The plastic ring at the mount feels a little fragile, twisting the lens on. The twisting aperture ring feels a bit sturdier, though still made from plastic. I don’t mind the plastic corrugated barrel because that’s essential to the lens’ flexibility, both literally and figuratively.

The perk of the plastic construction is that this lens weighs next to nothing — 4.7 ounces. Of course, I wasn’t expecting metal or weather-sealing for the price, so the build quality certainly isn’t a deal-breaker.

Focusing

Like all Lensbabies, the Spark 2.0 is a manual focus lens. But, unlike most manual focus lenses, there’s not even a focus ring. The Spark 2.0 instead focuses by physically bringing the front lens element closer and farther from the subject. This is done by pushing and pulling on the lens, taking advantage of that flexible lens barrel. The barrel of the lens can also be tilted to change where that center sharp point is located.

Focusing the Spark is incredibly fun. There’s something quite satisfying about moving the lens elements yourself with just a slight touch. The old accordion fold cameras focused much the same way. The Spark 2.0 takes that classic focusing method and mounts it on modern mirrorless and DSLR cameras.

Lensbaby’s manual focus lenses always force me to slow down and put more thought into the shot. But, you can’t change the nature of manual focus optics. It takes patience and isn’t ideal for moving subjects or any projects on a time crunch. Getting the lens perfectly focused when shooting wide open is an exercise in patience.

Ease of Use

I can easily see the Lensbaby Spark 2.0 as part of a class on how cameras work. Instead of letting an autofocus motor or even a ring do the work, the photographer is doing all the work. That’s great for a hands-on way of becoming more intimate with a camera lens’s inner workings. The typical autofocus motor moves the glass pieces closer or farther from the image sensor. With the Spark, you do that with your own finger-power. The aperture is also easily visible from the front of the lens, another potential learning tool.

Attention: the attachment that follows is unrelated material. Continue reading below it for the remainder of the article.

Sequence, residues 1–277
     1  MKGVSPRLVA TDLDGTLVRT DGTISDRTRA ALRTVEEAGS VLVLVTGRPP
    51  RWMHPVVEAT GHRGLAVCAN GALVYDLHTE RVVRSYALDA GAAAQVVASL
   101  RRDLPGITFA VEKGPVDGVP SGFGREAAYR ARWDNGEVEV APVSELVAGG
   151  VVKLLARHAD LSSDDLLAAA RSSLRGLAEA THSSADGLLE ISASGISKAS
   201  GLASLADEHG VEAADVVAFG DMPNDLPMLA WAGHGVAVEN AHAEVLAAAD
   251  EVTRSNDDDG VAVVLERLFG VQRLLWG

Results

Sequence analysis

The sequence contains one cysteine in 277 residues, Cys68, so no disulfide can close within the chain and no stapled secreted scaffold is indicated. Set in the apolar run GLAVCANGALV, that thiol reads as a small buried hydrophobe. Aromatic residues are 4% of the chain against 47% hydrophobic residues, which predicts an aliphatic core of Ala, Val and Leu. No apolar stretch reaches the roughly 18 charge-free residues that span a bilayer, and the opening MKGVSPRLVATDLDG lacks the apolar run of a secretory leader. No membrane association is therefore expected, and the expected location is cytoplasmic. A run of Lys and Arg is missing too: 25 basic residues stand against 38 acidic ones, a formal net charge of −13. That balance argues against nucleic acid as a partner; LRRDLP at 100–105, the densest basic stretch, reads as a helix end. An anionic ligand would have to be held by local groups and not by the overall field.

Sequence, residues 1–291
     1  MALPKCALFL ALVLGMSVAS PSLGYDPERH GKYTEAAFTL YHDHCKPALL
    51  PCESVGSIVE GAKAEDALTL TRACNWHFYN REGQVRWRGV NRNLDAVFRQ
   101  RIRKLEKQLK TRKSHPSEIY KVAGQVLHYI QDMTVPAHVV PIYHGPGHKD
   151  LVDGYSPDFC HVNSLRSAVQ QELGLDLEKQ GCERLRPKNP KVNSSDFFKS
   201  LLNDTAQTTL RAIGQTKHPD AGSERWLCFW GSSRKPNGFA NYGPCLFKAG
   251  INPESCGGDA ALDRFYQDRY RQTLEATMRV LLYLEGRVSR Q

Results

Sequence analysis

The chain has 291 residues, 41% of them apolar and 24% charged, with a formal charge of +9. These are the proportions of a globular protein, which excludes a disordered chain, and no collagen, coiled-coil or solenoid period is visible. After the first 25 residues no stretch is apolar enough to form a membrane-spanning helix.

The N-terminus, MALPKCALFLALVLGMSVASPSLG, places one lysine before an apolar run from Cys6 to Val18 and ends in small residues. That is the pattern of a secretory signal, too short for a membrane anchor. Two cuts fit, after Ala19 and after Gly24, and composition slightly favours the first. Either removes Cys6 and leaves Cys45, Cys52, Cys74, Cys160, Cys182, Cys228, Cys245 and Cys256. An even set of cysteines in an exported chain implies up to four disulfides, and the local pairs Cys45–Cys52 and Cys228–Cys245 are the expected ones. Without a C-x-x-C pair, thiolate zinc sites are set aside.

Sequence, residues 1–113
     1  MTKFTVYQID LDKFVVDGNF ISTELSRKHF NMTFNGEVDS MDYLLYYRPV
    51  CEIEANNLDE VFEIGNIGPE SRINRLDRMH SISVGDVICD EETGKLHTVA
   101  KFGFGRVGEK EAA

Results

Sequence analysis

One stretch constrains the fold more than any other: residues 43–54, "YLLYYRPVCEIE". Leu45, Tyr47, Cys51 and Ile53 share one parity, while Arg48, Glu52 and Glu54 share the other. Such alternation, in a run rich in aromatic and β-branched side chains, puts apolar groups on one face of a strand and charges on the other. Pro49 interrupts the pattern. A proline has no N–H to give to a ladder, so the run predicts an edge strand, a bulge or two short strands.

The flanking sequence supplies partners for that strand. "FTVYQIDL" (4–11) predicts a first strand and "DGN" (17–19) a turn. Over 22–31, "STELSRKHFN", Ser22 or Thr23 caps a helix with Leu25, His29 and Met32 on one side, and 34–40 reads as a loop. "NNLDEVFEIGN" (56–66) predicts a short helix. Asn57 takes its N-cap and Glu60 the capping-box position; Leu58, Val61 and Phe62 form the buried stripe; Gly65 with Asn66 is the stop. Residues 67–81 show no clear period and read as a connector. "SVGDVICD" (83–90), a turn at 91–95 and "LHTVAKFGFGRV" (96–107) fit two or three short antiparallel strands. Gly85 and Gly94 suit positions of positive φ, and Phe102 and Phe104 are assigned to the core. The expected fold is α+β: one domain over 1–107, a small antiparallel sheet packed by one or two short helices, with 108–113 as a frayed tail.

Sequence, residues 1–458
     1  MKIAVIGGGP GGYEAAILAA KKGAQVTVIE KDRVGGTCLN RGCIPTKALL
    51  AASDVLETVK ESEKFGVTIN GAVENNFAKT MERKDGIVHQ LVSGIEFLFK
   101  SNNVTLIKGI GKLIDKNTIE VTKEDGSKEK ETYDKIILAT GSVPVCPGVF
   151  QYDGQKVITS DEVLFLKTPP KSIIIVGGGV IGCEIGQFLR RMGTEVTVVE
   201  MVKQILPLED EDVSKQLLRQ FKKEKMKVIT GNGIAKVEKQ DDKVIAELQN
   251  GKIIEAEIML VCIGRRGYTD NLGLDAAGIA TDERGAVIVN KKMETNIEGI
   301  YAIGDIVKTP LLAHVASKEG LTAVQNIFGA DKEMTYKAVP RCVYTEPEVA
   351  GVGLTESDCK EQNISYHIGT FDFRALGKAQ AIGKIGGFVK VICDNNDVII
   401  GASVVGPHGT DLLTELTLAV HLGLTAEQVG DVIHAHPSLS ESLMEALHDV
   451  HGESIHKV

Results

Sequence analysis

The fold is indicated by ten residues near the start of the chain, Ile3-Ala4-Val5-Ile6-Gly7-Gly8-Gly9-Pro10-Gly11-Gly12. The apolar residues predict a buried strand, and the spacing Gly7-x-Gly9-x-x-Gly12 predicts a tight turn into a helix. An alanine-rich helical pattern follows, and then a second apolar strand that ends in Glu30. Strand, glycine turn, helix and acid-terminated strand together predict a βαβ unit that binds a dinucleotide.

Because the Lensbaby Spark 2.0 isn’t your typical camera lens, I’d suggest spending some time playing with the lens before embarking on any serious projects. It’s not terribly complex to learn or use, you just need some patience and a willingness to experiment.

The most difficult part of using the lens is moving that center sweet spot. First, tilting involves re-focusing the lens, which is difficult to do while tilted, especially when shooting wide open. Second, if you tilt too far, you’ll see the barrel of the lens in the corner of the image. While you can move that sweet spot of focus, it takes some time and patience to get it perfect.

Image Quality

Images from the Lensbaby Spark 2.0 are oozing with character. With intense blur wide open, images easily take on a surreal, dream-like feel. Stepping down the lens pushes that blur effect farther away from the center and still helps draw the eye but without so much of that dream-like softness.

Bokeh